(Copyright © 2002 The Blacklisted Journalist)

A Myth-Shattering Biography of an Icon
(Copyright © 1975, 1995 Ronald Martinetti)


JAMES DEAN'S ARRIVAL in Hollywood in the spring of 1954 was unobtrusive.

Elia Kazan had already made clear to the studio that he wanted no buildup for the young actor, and his presence went totally unnoticed by the Hollywood press.

Dean quickly found a place to live, sharing a small fifty-­dollar-a-month apartment with Dick Davalos, another young actor who was in the movie.  The apartment was above a drugstore in Burbank, right across the street from Warner Brothers.

Dean's salary for the picture was ten thousand dollars, and with the money the studio advanced him he bought a beautiful palomino horse, which he named Cisco and boarded at a stable in nearby Griffith Park.

As Jane Deacy did not have a West Coast office, she had arranged for the Famous Artists Agency to look after her client.  The office assigned this task to Dick Clayton, one of its younger agents; the choice proved to be a wise one.  Handsome and easygoing, Clayton was a former actor who had appeared in High Sierra and The Wagons Roll at Night.  He knew his way around the film colony, and he knew how to handle actors.  Several days after their first meeting, Clayton arranged for Dean to buy a small sports car, an MG, and shortly thereafter Dean could be seen whizzing around town, usually accompanied by an attractive ingenue whose phone number the agent had thoughtfully provided.

Shooting for East of Eden began on schedule in the middle of May.  Kazan and his scenarist had decided beforehand to film only the last quarter of the book, dealing with the relationship of the two Trask brothers, Cal and Aron (Cain and Abel), and their father, Adam.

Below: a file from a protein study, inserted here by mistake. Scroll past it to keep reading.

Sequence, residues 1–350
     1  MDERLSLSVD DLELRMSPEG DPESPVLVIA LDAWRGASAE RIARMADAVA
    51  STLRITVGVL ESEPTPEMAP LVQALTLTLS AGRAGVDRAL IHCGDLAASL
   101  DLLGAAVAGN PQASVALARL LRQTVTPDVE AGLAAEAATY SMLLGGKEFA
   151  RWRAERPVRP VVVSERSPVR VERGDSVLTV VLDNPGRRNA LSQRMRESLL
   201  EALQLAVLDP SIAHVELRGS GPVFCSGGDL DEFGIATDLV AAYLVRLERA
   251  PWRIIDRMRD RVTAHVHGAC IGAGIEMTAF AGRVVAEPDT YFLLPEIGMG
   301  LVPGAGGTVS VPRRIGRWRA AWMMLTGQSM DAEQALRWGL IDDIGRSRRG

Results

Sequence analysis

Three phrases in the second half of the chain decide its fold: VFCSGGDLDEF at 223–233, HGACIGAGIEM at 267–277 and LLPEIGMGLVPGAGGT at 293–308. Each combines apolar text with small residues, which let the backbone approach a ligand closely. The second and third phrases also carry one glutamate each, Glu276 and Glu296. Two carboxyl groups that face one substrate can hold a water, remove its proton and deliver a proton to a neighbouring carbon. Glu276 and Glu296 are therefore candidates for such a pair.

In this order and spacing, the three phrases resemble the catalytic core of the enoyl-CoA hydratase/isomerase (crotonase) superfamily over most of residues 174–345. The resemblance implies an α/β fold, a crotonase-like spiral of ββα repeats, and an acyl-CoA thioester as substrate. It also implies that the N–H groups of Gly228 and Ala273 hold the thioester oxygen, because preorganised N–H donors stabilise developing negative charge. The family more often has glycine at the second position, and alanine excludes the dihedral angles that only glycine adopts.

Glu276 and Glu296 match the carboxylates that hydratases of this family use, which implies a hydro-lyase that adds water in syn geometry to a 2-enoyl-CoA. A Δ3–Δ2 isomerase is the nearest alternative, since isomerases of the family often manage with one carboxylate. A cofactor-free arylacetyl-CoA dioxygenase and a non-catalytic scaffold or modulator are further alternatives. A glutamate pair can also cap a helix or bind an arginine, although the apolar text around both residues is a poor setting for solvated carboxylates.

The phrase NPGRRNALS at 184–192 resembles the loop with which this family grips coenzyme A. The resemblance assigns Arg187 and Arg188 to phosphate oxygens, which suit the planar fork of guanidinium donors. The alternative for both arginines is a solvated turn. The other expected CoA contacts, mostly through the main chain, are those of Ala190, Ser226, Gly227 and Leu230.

"I didn't read the novel," Dean later told reporter Howard Tompson.  "The way I work, I'd much rather justify myself with the adaptation rather than the source."

The film is set in rural California, as America is poised to enter the First World War.  Raymond Massey played the senior Trask, a stern and pious man who looks to the Scriptures for guidance.  Jo Van Fleet played the wife who had deserted him and the boys years before.  She is hard and cynical---a madam who runs a thriving whorehouse and thinks she spots in her younger son a budding entrepreneur.  Julie Harris played Abra, a young girl in love with both the Trask sons.

In the movie, Dean attempts to raise money for his father by growing crops to feed the army; instead of showing gratitude, the old man is aghast at his son's war profiteering.  Dean's attempt at finding love sours---a familiar theme in his life and films.  On another level, the movie symbolizes the destruction of the old morality by atavistic capitalism.

The rest of the fine company Kazan had assembled in­cluded Albert Dekker, Harold Gordon, Barbara Baxley, Burl Ives, and Lon Chapman.  Richard Davalos, another Kazan discovery, who only months before had been working as a movie usher, was cast as Aron, the more gentle Trask son, and the favorite of his father.

Warner Brothers was determined to spare no expense in mounting the production.  A replica of the town of Salinas, the setting for the story, was carefully constructed on the studio lot; the producer fired off memos having his staff check on the smallest details:

"What was the World War I duffel bag like?"

"Did they use flashbulbs or powder in 1917?" Even the town stores were stocked with actual merchandise.

From the very start, Kazan worked closely with Dean.  The director knew that the young actor, who showed up on the set "blue and tense and bewildered," required his personal attention. 

“Jimmy was very naked, very easily hurt," Kazan explained.  "First I'd work with him to build up his confidence.  Then I'd give him a small shove in the right direction."